Cross-cultural issues are keenly observed in the Inspector Singh books, largely because of the author’s geographically disparate background.
“I am Malaysian – born in Penang, and grew up in and studied in various parts of the country.
I left only when the time came for me to go to university, when I went to the UK, so I think of myself as Malaysian.
As for my parentage, I’m half Sri Lanka Tamil and half-Indian from the west coast.”
Flint was already an acclaimed and successful writer of children’s books, often based on environmental themes, before she turned to crime fiction three years ago.
As a writer of multiple genres, Flint is furiously disciplined, thanks, she reasons, to her previous occupation.
“I don’t really think of myself as a writer, I think of myself as an ex-lawyer who happens to be writing, so what I try to bring to my writing is a professional day-to-day routine,
like a lawyer or doctor or similar, someone with a rigid full-time job.
So I wake up, get the kids off to school, drag myself over to the computer with my coffee, deal with a few emails, and then I get down to it.
The lawyer in me finds it much easier to edit an existing document than to create a new one, so I’d much rather over-write and let some rubbish sneak in and then take it out, than wait for the perfect sentence, or perfect idea, to come.”
Aside from retaining the work habits of a legal eagle, Flint is still attached to the profession, as is revealed in her storylines.
“If Inspector Singh hadn’t taken off I would have gone back to law right now. I love
Readers note that the Inspector Singh books have a cosy, old-school feel to them, and the source of this is the books Flint herself enjoys.
“I read a lot of crime novels, and my greatest fondness is for the more thoughtful, English-style whodunits.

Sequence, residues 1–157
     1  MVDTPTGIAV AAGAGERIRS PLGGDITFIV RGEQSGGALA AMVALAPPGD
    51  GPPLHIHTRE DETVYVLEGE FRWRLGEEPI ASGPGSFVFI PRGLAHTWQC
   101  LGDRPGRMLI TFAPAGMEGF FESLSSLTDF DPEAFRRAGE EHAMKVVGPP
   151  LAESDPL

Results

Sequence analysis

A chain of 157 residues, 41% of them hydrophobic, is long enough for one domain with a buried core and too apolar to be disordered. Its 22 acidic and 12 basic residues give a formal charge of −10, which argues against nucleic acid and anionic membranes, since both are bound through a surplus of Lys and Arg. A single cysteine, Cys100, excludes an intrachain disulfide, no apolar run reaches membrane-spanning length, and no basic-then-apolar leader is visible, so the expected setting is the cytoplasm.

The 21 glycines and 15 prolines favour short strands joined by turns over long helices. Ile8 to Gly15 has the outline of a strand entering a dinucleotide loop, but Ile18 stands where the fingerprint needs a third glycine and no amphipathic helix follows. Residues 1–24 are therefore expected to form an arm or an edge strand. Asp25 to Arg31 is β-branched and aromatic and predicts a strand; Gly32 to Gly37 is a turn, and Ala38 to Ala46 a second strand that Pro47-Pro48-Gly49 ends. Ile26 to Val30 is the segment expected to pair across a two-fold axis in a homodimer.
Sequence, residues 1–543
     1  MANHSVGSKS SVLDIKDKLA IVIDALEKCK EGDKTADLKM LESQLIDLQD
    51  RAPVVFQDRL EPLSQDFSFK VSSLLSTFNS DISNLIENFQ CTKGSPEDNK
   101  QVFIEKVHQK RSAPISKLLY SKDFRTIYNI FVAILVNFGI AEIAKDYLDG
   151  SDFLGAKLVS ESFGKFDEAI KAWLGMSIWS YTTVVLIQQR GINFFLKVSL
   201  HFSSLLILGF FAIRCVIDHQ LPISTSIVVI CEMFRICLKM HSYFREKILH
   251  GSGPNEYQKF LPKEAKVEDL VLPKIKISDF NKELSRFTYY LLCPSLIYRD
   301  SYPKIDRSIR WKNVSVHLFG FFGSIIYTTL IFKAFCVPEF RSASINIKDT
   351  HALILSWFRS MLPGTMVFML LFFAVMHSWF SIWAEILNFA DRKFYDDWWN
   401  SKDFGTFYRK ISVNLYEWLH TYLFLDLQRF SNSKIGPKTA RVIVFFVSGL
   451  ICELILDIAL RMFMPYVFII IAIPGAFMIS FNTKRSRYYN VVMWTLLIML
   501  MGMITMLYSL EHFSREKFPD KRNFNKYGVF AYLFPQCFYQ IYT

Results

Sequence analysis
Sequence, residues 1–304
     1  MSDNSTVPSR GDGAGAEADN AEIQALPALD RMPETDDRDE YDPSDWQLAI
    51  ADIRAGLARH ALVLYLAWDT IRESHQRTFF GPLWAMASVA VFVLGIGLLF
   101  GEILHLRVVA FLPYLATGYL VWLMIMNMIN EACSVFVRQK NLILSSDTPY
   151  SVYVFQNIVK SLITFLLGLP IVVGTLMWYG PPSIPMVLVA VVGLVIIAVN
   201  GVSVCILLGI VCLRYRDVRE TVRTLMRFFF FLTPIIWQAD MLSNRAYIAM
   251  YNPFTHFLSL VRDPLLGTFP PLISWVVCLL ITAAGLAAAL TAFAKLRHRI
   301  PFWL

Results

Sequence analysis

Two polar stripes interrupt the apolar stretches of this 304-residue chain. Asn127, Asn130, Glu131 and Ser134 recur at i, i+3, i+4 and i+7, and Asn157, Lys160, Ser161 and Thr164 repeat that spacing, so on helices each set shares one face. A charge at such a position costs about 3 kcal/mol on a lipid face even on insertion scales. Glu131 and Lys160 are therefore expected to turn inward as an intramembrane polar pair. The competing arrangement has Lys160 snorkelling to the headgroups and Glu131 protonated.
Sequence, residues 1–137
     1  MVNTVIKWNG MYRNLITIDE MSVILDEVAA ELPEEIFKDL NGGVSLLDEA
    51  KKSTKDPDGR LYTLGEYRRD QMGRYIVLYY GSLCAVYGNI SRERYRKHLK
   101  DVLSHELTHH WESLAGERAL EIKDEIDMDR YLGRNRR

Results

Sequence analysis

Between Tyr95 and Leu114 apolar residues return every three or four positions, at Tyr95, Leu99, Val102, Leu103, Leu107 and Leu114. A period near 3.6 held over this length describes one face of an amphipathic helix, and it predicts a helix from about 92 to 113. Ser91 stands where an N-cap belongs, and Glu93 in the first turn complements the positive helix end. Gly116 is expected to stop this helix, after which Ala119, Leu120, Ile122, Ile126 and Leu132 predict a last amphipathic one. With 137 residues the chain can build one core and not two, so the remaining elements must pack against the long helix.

Books by writers like Ruth Rendell, Peter Robinson, PD James and Ian Rankin, rather than trigger-happy, shoot-‘em-up American-style crime, or heavily forensic-based crime. I’ve always enjoyed reading the more cerebral and structured whodunits that have lots of interaction between characters and time for a little bit of humour
In an age when it seems crime writers try to outdo each other with ever-higher body-counts and increasingly graphic violence, Flint is pulled in the other direction.
“I find many current crime writers too dark. I don’t like crime for crime’s sake, I don’t like violence against women for the sake of it, I haven’t had a woman murdered yet [in the Inspector Singh books] – I struggle to go there – although I have had a female murderer.
“I like to think there’s a redemptive quality in humanity, and I want that captured in my books.
So the Inspector Singh novels are about bad people doing good things and good people doing bad things, rather than about pure nastiness, like a lot of contemporary crime.”
Flint’s warm and old-school story-telling has a burgeoning following.
A large number of translation rights have now been sold for the Inspector Singh franchise, most recently in Serbian and Polish.
Almost three years after it was first published, the first Inspector Singh book – Inspector Singh Investigates: A Most Peculiar Malaysian Murder – has come out in the United States, and book two – Inspector Singh Investigates: A Bali Conspiracy Most Foul – is coming out there this year.
“Getting Inspector Singh into the US this year was a big breakthrough,” Flint says, large brown eyes shining.
Flint is currently toiling on her most ambitious Singh novel yet.
“I’m struggling with ‘Singh India’ – 79,500 words thus far and no ending in sight.”
The Inspector Singh story is even more remarkable than one might assume.
Book three in the series – Inspector Singh Investigates: The Singapore School of Villainy – was self-published before being picked up by British literary giant Little, Brown Book Group who asked her, in 2007, to rework it substantially as the third book in the series and get started on the debut Inspector Singh novel.
With a mischievous smile, Flint says: “I can’t wait to write a crime novel that’s really rubbish and get away with it, because that means I’ve truly made it.”
Nick Walker is a book reviewer and travel writer currently based in Singapore.